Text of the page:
New discoveries changes the story of Titanic's final minutes

The discovery of two large pieces of the Titanic's hull on the ocean floor has changed the story of its final minutes, indicating the ocean liner's end was more quick and terrifying than previously thought, underwater researchers said yesterday.

The hull pieces were a crucial part of the ship's structure and make up a bottom section that was missing when the wreck was first located in 1985, they said.

After these key sections of the hull broke free, the bow and stern spilt, said Roger Long, a naval architect who analyzed the find. The stern, which was still buoyant and filled with survivors, likely plunged toward the ocean floor about five minutes later, giving passengers less time to escape than widely believed.

"It would have been immediately terrifying," he said. "The breakup determined whether a lot of people lived or died."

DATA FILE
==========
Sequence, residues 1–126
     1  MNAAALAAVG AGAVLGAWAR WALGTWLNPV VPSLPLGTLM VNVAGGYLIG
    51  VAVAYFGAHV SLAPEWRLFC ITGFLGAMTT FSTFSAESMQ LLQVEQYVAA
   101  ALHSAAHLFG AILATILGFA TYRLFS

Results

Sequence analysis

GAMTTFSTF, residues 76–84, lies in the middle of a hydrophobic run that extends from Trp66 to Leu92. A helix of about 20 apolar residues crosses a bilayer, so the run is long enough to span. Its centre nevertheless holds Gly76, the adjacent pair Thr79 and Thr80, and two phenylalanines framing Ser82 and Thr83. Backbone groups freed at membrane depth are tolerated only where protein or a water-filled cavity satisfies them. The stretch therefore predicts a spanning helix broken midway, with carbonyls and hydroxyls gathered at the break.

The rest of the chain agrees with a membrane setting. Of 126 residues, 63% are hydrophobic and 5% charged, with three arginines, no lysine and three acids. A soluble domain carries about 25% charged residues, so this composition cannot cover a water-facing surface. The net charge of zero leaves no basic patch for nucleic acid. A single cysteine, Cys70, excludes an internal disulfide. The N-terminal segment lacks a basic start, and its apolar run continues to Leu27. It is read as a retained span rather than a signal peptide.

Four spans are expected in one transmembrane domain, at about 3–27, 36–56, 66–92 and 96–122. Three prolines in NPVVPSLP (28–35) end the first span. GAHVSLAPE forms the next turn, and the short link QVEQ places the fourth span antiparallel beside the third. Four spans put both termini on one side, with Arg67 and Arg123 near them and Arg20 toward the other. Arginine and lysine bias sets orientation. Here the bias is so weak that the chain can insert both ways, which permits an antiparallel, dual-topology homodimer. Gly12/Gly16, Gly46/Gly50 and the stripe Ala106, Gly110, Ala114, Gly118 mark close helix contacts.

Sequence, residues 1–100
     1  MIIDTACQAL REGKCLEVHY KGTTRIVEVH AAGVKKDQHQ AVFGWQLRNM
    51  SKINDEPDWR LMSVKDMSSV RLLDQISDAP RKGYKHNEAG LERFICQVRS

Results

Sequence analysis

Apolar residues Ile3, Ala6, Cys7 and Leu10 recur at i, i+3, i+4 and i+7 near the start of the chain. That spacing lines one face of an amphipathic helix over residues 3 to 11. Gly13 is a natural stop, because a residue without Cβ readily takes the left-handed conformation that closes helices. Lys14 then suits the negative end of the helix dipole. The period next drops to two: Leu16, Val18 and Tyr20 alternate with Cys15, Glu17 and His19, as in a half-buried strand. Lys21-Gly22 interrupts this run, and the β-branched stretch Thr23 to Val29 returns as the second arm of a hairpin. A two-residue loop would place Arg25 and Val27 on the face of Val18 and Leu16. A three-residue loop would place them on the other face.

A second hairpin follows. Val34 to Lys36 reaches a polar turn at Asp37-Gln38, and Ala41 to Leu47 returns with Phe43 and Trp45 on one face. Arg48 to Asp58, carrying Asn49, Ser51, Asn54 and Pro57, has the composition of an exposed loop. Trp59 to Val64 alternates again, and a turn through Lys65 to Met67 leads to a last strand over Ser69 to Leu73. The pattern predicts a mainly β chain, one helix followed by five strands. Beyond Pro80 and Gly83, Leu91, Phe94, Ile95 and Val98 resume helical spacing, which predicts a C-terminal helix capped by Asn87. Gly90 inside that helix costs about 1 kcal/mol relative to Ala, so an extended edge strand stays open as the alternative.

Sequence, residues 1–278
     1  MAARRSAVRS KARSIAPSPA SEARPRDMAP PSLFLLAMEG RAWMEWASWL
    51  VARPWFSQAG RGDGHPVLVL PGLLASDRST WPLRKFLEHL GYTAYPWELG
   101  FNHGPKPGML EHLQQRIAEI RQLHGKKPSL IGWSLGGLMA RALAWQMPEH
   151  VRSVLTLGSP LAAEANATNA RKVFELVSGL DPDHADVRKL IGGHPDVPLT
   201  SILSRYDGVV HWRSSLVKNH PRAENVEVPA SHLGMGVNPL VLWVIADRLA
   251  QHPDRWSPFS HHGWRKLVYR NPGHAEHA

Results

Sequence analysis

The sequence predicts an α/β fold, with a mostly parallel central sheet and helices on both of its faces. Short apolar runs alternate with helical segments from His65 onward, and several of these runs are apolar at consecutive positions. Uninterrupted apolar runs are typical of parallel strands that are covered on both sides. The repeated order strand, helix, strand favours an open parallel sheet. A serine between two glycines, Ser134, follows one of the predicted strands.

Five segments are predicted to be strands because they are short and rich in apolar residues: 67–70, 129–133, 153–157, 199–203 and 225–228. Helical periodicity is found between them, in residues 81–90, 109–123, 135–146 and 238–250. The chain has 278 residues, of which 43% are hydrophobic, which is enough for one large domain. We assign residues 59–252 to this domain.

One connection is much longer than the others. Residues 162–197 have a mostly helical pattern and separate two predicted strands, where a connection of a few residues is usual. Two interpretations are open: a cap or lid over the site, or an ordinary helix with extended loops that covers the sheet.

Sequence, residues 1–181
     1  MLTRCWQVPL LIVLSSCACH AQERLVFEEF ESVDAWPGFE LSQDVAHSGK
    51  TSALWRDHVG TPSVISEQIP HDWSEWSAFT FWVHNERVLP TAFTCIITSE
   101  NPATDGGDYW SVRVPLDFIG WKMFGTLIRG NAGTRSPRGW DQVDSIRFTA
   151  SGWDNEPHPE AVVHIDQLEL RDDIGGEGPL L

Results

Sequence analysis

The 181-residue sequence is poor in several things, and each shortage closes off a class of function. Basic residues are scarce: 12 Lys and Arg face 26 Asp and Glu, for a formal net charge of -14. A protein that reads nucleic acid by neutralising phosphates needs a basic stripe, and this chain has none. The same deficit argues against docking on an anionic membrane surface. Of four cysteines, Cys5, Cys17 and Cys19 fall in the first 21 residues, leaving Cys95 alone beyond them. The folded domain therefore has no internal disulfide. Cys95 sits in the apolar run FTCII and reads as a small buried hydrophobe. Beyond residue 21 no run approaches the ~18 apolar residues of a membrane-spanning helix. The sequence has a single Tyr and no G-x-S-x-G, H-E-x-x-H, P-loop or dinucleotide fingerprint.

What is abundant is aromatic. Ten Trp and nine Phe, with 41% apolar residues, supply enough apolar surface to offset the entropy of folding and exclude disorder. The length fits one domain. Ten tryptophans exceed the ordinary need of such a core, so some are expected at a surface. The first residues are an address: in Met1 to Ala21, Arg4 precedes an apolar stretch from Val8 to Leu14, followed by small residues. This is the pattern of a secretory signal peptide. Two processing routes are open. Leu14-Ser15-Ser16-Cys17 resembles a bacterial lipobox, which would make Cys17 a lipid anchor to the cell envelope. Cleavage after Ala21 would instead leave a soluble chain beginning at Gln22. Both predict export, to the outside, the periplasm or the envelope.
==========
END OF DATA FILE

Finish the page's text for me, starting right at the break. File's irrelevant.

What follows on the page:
Researchers previously believed the ship broke in just two major pieces, the bow and stern, which was how the sinking was depicted in the 1997 film version of the catastrophe. David Brown, a &to=' target=_blank>Titanic historian, had estimated prior to the find that the stern took 20 minutes to slide into the water, based on how quickly it would have filled with water.

"It turns out the Titanic was more merciful. It was over more quickly," Brown said, reports Berkshire Eagle.

The sections, both about 40 feet by 90 feet, were once a single section and were found in good condition, with red bottom paint still visible. The missing sections had been believed to have fragmented into hundreds of small pieces.

"The breakup and sinking of the Titanic has never been accurately depicted," said Parks Stephenson, a Titanic historian who took part in Monday's conference.

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